It’s drafty in here – a couple old ideas resurface

While I wasn’t in the mood to blog I was still reading articles and saving them with the intention of writing something on the topic at some point. I’d come across this one about vines on a power pole and people’s reactions to its iconic resemblance to You Know Who (and I don’t mean Voldemort).

Kent Hardison, who runs Ma’s Hotdog House less than a half mile from the pareidolia, rides by the Christ-resembling post each day. He said when he first saw the kudzu growing he almost sprayed it with herbicide.

“I glanced at it, and it looks like Jesus,” Hardison said. “I thought, ‘You can’t spray Jesus with Roundup.’ ”

It always amuses me when people say they think they’ve seen an image of Jesus. Aside from how artists have chosen to depict the man (on a cross or otherwise), we’ve got nothing from his day painted from life. Nothing. It’s pointless to point to something occurring by chance and say it must be Jesus-inspired. It’s always merely the result of someone’s imagination. And humans rarely have too little of that.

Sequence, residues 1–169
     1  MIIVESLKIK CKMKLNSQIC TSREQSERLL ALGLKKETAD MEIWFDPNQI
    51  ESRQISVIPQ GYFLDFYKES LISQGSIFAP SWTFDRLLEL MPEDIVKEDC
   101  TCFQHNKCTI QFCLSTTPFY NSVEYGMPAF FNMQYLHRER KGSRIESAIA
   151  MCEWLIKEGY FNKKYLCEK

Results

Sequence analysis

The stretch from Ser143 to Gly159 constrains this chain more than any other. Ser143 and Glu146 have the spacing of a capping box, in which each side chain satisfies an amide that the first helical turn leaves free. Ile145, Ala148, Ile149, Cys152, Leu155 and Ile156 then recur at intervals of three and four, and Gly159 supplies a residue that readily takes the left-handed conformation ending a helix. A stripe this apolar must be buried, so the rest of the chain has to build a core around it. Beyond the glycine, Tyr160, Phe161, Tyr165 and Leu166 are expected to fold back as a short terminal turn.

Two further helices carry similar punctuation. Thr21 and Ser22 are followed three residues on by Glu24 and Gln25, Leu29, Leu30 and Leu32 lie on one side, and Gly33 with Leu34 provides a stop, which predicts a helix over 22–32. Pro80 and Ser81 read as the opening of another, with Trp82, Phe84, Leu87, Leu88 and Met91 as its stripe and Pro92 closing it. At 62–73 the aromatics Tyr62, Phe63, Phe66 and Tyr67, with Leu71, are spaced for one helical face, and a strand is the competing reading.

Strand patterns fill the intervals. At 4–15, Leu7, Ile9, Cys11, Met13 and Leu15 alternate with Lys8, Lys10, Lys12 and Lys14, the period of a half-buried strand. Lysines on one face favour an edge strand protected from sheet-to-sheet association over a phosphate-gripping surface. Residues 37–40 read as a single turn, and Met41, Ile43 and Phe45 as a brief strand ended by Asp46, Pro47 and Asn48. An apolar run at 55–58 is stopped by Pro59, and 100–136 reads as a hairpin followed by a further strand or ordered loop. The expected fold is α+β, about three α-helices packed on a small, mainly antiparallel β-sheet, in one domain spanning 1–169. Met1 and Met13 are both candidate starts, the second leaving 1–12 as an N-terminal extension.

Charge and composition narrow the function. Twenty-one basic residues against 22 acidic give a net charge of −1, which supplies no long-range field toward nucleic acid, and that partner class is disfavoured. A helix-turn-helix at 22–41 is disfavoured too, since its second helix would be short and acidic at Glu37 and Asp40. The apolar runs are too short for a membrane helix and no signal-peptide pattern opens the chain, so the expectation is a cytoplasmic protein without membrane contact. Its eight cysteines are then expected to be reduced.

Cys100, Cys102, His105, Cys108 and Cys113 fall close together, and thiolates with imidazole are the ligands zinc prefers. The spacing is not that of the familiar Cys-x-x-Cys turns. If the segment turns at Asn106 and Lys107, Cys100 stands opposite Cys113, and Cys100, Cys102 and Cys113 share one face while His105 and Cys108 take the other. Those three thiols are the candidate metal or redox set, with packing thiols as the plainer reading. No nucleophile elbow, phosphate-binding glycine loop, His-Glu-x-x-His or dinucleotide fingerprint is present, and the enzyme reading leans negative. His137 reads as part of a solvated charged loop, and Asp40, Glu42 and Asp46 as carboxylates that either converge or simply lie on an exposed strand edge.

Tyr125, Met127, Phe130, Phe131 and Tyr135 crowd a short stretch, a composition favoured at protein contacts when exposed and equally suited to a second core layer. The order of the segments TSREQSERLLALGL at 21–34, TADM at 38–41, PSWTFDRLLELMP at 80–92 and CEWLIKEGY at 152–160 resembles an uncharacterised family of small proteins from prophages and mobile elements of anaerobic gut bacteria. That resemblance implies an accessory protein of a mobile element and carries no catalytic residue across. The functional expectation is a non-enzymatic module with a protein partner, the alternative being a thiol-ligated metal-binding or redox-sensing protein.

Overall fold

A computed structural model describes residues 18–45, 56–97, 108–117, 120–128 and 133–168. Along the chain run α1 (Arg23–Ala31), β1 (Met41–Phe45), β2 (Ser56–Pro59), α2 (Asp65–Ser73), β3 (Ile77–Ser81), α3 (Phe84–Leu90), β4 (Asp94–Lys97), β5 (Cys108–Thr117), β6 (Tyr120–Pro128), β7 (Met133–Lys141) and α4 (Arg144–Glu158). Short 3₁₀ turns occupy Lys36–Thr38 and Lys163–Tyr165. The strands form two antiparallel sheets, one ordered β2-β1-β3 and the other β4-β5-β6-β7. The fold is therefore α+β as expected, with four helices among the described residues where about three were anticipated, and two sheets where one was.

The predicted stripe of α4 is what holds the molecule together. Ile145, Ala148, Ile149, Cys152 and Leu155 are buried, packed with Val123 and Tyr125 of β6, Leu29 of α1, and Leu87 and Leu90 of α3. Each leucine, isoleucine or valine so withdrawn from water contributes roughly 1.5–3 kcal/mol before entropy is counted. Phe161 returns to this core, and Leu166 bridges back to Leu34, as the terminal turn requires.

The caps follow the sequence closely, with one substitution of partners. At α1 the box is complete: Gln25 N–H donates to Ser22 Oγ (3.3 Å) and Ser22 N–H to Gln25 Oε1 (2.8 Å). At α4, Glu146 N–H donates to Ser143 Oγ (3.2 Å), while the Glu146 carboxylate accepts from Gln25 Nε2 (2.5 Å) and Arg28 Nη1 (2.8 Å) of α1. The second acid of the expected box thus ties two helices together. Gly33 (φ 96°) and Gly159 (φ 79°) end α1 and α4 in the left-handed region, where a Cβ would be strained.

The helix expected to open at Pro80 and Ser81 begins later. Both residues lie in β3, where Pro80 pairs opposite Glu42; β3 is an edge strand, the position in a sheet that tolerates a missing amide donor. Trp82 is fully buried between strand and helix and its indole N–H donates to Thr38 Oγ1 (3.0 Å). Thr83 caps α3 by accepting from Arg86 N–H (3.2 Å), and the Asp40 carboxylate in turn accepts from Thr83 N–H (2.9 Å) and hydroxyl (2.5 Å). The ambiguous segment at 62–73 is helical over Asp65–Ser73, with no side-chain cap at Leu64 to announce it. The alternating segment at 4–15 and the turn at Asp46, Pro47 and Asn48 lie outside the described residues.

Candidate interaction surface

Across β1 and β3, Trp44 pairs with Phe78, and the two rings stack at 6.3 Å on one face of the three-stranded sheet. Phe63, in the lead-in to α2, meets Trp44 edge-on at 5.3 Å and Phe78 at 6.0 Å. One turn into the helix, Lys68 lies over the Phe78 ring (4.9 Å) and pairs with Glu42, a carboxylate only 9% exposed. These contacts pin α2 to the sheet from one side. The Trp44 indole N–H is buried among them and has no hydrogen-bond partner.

In South Carolina more recently comes a story of a couple claiming Jesus appeared on their Walmart receipt. The resulting stains on the paper do tend to make a face-like pattern but why does Jesus have to be the go-to guy every time this sort of thing gets noticed? I think it looks more like an artist’s interpretation of a neanderthal, myself.

The other thing I ran across is from 2009 and a minister in Tennessee who got it in his head to build an enormous treehouse. Why?

Burgess says he started working on this giant treehouse after he had a vision back in 1993. God spoke to him and said: “If you build me a treehouse, I’ll see you never run out of material.” And so he spent the next 14 years building God’s treehouse, using only salvaged materials, like pieces of lumber from garages, storage sheds and barns. So, as far as Horace is concerned, God did provide him with all the materials he needed.

It’s quite impressive, actually. At the time the article was written it was popular with tourists. Judging by recent comments on site, it still is.

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